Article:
Prasats Suor Prat

Constructed when: early 13th century (actual date not known)
Constructed by: King Jayavarman VII probably the original builder
Religion: no religious use known
Architectural style: Bayon or Post-Bayon
Location: 200 meters directly east of the Terrace of the Elephants

Prasat Suor Prat is located at the beginning of the road leading to the Gate of Victory of Angkor Thom ; 1,200 meters (3,937 feet) in front of Phimeanakas. It was built in the end of the 12th century by the King Jayavarman VII, replica to Bayon style of art.

The purpose of these towers is a source of some controversy. According to a Cambodian legend, the towers swerved as anchoring places for ropes which stretched from one to another for acrobats performing at festivals, festivals, while the king observed the performances from one of the terraces. This activity is reflected in the name of the towers. Zhou Daguan wrote about an entirely different purpose of the towers in describing a method of settling disputes between men.

Twelve little stone towers stand in front of the royal palace. Each of the contestants is forced to de seated in one of the towers, with his relatives standing guard over him. They remain imprisoned two, three, or four days. When allowed to emerge, one of them will be found to be suffering saome illness- ulcers, of catarrh, or malignant fever. The other man will be in perfect health. Thus is right or wrong determined by what is called 'celestial judgment'.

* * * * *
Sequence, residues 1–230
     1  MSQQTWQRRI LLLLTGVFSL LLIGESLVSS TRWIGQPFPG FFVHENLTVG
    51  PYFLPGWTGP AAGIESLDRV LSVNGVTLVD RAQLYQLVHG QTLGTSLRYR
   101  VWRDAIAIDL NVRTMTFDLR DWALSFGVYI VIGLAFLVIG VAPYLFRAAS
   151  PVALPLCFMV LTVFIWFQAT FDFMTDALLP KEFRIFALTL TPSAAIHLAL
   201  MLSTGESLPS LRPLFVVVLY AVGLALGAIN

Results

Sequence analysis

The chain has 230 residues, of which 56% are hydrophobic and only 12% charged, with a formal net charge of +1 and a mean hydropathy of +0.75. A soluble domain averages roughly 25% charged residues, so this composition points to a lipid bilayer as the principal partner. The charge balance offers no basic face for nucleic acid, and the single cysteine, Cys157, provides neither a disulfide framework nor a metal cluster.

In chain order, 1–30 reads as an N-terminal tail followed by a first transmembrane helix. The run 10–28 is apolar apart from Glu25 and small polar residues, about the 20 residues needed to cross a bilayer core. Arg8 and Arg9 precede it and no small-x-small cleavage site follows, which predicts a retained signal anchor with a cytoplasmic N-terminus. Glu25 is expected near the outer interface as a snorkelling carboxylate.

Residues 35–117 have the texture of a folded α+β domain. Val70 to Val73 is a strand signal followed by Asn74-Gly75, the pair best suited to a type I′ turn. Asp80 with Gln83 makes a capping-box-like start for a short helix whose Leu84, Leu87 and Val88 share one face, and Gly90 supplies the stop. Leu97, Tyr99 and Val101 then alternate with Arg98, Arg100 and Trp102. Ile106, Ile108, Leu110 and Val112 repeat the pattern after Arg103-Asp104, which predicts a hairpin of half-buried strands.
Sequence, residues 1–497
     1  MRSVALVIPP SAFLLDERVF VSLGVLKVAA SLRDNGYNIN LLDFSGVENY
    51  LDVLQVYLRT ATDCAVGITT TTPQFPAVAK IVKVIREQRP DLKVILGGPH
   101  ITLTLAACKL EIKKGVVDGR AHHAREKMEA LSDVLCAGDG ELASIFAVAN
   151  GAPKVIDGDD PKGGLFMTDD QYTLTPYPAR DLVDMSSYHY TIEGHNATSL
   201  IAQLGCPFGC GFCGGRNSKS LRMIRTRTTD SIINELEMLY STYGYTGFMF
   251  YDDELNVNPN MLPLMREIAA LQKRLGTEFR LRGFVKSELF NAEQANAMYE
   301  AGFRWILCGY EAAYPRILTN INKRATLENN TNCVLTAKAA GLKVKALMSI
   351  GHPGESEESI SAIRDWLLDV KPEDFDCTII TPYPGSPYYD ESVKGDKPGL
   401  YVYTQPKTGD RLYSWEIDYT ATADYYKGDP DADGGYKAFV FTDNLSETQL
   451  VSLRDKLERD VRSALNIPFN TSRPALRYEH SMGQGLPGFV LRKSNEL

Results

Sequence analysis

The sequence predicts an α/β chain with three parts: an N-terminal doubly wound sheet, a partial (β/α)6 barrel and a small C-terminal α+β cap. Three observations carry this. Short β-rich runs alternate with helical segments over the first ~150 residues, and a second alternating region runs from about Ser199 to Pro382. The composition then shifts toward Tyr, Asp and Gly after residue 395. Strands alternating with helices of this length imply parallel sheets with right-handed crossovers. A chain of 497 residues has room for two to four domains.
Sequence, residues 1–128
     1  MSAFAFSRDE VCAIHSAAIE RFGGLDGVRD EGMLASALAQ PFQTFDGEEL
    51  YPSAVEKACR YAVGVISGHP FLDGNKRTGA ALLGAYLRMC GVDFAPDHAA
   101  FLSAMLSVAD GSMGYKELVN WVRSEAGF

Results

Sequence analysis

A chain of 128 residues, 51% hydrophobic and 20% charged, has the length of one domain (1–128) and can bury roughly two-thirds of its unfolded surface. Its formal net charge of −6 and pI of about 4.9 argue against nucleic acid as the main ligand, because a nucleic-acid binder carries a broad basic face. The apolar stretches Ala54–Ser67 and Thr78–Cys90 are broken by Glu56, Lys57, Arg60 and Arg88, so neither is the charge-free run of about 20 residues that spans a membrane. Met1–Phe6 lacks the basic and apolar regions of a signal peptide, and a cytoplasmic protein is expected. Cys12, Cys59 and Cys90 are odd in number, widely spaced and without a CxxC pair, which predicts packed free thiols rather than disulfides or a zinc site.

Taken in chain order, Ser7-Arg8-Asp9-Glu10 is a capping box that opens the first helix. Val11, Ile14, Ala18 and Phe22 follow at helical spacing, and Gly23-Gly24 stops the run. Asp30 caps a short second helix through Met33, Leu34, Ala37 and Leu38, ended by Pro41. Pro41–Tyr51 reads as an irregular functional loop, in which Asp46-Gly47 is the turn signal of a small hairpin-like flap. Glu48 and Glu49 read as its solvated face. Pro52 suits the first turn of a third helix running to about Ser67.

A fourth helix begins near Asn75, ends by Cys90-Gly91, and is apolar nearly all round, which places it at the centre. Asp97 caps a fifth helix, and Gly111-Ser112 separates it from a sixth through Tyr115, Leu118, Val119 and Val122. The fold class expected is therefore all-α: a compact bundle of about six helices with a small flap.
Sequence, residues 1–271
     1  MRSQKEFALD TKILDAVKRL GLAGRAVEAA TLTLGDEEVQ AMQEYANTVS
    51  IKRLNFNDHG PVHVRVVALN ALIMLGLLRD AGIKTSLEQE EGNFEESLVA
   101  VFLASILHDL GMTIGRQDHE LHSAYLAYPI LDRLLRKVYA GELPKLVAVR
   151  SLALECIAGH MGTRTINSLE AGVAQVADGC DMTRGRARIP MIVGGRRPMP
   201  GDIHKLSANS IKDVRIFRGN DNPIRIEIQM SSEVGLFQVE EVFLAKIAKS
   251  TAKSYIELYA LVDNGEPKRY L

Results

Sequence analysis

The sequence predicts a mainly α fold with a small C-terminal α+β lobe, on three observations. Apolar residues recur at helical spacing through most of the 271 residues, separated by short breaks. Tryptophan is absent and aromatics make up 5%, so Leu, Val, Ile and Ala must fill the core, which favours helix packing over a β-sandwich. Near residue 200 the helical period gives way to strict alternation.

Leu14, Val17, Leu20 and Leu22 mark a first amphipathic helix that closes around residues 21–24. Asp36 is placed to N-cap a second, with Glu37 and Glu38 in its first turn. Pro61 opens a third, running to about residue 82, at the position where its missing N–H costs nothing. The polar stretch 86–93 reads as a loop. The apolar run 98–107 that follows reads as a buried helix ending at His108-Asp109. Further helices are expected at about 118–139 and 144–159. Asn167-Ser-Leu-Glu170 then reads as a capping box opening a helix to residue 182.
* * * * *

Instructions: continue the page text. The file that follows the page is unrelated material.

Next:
Henri Mouhot wrote that the towers were 'said to have been the royal treasure.. It served, they, as a depository for the crewels. Another theory is that they may have served as an altar for each province on the occasion of the taking of the oath of loyalty to the king.

Prasat Suor Prat is a row of 12 square laterite and sandstone towers, six on either side of the road leading to Angkor Thom, parallel to the front of the terraces. The two towers closest to the road are back slightly from the others. The towers are connected by galleries and are of similar style and construction. The towers have an unusual feature of windows with balusters on three sides.

Entrance porches open toward the square and the road to the Gate of Victory of the city of Angkor Thom. These features support the theory that these towers were used as some sort of viewing area, reserved for princes or dignitaries, on to the large square of the Royal Palace, The interior of each tower has two levels and two levels and on the upper one there is a cylindrical vault with two pediments. The frames, bays and lintels were made of sandstone.

Historical information and some descriptions of temple sites are sourced from the Angkor series of Wikipedia articles. This text is available under the Creative Commons Attribution-ShareAlike License. The main Wikipedia page on Angkor can be found at -

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